The May 23 letter to the editor "Drop postal delivery on Saturdays" mischaracterized U.S. Postal Service finances. Given the Postal Service’s importance to Madison’s residents and businesses, I’d like to offer some information.

The Postal Service, which delivers to 155 million addresses six and increasingly seven days a week, doesn’t use taxpayer money. By law, it earns its revenue through the sale of stamps and related products and services.

It’s the centerpiece of the $1.3 trillion national mailing industry, which employs 7 million Americans in the private sector, including 180,238 people in Wisconsin.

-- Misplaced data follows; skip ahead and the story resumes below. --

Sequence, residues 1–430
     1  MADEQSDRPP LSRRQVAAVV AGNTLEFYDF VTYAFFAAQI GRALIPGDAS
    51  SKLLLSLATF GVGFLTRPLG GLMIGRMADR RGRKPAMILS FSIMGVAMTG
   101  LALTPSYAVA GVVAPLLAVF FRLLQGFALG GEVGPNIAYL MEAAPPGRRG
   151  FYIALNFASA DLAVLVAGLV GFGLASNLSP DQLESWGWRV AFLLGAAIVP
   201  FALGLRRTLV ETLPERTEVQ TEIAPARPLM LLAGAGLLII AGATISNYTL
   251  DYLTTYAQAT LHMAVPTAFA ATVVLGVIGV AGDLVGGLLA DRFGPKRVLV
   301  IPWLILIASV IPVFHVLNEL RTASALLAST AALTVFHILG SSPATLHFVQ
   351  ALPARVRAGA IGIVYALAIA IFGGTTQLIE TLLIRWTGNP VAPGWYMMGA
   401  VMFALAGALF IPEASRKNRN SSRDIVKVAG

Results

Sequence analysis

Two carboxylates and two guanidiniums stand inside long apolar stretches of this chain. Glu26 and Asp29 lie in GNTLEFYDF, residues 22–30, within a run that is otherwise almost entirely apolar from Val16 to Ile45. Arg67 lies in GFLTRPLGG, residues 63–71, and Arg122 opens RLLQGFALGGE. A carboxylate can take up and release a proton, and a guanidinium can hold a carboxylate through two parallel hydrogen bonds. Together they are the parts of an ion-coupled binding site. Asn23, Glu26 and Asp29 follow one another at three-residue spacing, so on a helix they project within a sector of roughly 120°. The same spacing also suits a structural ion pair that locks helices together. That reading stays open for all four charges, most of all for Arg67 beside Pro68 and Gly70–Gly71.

For years, the Postal Service has averaged a $1 billion annual operating profit. The red ink you hear about stems from congressional politics. In 2006, lawmakers mandated that the Postal Service pre-fund future retiree health benefits. No other entity has to do this even one year in advance. The Postal Service must pre-fund these benefits decades into the future. That $5.8 billion annual charge produces the "red ink."

The Postal Service, postal unions, lawmakers and industry groups are working to address pre-funding while strengthening the invaluable postal networks. If Wisconsin’s elected representatives in Washington act on targeted reform legislation, the Postal Service can continue to provide all Americans with the industrial world’s most affordable delivery services.

Fredric Rolando, president, National Association of Letter Carriers

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